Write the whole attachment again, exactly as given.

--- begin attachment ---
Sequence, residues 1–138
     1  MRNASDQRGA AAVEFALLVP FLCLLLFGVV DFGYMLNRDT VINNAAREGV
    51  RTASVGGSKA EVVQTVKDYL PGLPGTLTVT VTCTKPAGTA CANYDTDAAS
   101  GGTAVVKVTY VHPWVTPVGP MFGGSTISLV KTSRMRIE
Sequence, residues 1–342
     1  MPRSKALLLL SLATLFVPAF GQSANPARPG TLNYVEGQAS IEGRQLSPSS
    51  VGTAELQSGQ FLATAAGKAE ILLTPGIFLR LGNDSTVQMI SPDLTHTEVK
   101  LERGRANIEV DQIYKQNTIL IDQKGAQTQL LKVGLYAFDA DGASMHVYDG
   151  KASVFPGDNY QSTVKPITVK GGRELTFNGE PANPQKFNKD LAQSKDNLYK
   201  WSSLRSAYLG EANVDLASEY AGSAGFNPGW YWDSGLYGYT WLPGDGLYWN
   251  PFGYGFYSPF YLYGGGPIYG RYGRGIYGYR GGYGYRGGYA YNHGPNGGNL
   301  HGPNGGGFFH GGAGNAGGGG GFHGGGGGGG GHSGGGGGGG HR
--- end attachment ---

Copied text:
Sequence, residues 1–138
     1  MRNASDQRGA AAVEFALLVP FLCLLLFGVV DFGYMLNRDT VINNAAREGV
    51  RTASVGGSKA EVVQTVKDYL PGLPGTLTVT VTCTKPAGTA CANYDTDAAS
   101  GGTAVVKVTY VHPWVTPVGP MFGGSTISLV KTSRMRIE
Sequence, residues 1–342
     1  MPRSKALLLL SLATLFVPAF GQSANPARPG TLNYVEGQAS IEGRQLSPSS
    51  VGTAELQSGQ FLATAAGKAE ILLTPGIFLR LGNDSTVQMI SPDLTHTEVK
   101  LERGRANIEV DQIYKQNTIL IDQKGAQTQL LKVGLYAFDA DGASMHVYDG
   151  KASVFPGDNY QSTVKPITVK GGRELTFNGE PANPQKFNKD LAQSKDNLYK
   201  WSSLRSAYLG EANVDLASEY AGSAGFNPGW YWDSGLYGYT WLPGDGLYWN
   251  PFGYGFYSPF YLYGGGPIYG RYGRGIYGYR GGYGYRGGYA YNHGPNGGNL
   301  HGPNGGGFFH GGAGNAGGGG GFHGGGGGGG GHSGGGGGGG HR